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Progressive Rock CD Reviews

How To Win At Life

The Defilibrator

Review by Gary Hill

Let’s get this out of the way right at the start, this is only loosely prog rock, but there are enough prog elements here for me to put it into that category. If you had to really pin this sound down with comparisons I’d say a mix of Jellyfish, Queen and Pink Floyd would come pretty close. That said, the main Pink Floyd reference would come in the form of the Fender Rhodes textures that permeate a lot of the disc. The truth is this is a great, accessible disc that has a fresh sound grounded in classic rock traditions.

This review is available in book format (hardcover and paperback) in Music Street Journal: 2006 Volume 6 at lulu.com/strangesound.

Track by Track Review
Peak of My Physical Beauty
A test signal leads this off, but as the sounds of a beating heart are mimicked by the percussion it seems that that test signal represented a flat line – in keeping with the album’s title. This one comes in from there with a joyful sound that feels a bit like a cross between a Dave Matthews Band and a Queen sound. The vocals tend to be a bit more along the lines of the Black Crowes. A short bridge and then a keyboard solo bring in the progressive rock side of this cut. The bridge is even stronger next time around and the guitar solo that follows has Brian May written all over it. This makes for an effective album opener.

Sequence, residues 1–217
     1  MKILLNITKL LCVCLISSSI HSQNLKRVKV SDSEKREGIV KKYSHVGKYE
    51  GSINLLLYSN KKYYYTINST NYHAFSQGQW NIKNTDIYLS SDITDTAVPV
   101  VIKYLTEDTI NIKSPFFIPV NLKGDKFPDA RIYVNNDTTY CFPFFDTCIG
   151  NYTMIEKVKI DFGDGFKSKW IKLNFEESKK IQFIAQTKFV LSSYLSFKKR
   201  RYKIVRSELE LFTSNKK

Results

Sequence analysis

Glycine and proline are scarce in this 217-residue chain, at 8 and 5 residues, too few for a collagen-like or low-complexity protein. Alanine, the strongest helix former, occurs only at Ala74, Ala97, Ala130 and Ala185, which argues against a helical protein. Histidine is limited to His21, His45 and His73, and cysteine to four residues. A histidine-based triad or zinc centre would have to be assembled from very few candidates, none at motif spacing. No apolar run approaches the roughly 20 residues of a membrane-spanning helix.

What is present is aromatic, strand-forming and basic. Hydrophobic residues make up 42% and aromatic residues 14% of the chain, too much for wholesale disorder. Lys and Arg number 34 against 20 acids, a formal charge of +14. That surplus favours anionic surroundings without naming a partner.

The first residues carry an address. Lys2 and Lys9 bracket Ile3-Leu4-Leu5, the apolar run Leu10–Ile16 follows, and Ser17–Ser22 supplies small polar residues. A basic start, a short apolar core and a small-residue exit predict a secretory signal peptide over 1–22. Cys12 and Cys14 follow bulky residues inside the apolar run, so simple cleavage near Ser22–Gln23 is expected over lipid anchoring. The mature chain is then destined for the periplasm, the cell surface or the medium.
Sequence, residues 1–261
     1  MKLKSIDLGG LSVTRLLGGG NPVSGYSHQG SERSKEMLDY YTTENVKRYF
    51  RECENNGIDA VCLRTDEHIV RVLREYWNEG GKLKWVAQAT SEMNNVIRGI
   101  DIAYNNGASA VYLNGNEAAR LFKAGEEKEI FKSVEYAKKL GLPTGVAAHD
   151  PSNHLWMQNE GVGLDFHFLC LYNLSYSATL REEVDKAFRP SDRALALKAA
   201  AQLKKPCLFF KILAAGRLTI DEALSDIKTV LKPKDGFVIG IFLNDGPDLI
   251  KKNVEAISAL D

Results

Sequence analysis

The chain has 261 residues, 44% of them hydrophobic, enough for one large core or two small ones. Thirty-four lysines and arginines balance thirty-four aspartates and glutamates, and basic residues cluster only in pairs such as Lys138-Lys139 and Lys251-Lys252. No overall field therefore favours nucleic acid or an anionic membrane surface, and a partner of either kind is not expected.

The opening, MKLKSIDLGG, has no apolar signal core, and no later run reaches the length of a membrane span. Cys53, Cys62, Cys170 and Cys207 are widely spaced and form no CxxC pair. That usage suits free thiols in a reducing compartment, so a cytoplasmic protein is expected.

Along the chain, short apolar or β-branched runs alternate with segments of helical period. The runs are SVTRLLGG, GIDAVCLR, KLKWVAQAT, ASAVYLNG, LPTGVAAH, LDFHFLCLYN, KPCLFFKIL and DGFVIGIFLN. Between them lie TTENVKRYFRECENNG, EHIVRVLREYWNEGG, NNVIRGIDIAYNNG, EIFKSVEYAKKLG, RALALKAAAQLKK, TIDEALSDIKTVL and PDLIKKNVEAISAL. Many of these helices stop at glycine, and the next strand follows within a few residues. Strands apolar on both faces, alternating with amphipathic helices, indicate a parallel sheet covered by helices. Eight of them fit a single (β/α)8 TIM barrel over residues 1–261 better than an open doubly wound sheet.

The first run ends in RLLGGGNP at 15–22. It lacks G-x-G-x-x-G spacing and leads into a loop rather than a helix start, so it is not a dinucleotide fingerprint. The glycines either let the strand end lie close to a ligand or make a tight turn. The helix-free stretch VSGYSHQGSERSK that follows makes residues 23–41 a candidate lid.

Rebirth
They pound in with a heavy prog rock sense of pomp here. Then it drops to a bouncing sort of fun time melody with touches of Queen and other bands. A keyboard solo enters with a classic Fender Rhodes sound. As the vocals come in they have that total rock and roll approach and are woven over a stripped down straight ahead rock and roll approach. They break this one out later into a triumphant sounding more prog oriented segment and the Fender Rhodes gets another showing in the forefront. A great instrumental break later brings in more of those Queen tendencies. And we also get plenty more opportunities to hear that keyboard.
The Livingroom
This one rises gradually and tentatively with the main emphasis on the keyboards. As this moves on it takes on a bit of a bluesy ballad approach. Lead guitar soars over the backdrop created by the rest of the group in an arrangement that seems to merge the sounds of Queen with those of Pink Floyd. This short instrumental is intriguing and a nice changeup.
Calcutta
A playful bluesy guitar sound brings this one in. As the band join it begins to take on some slightly dissonant elements, feeling just a little King Crimson-like. This winds through and climaxes, giving way to a keyboard based ballad structure that reminds me a lot of Jellyfish. They eventually power this one up a bit and it’s a bouncy sort of jam that’s fun. As it intensifies and gets more complex later, this still has that same Jellyfish element, but seemingly blended with more of the Queen sounds. I’d have to say that this is one of my favorite pieces on the CD. They stay true to their roots on this one, but rework it enough to really pull a lot of drama and creativity out of it. The Queen leanings really take over at about the three to three and a half minute mark. Vocal harmonies, killer instrumental arrangements, some awesome guitar work (ala Brian May and others) and a great song structure – this one has it all.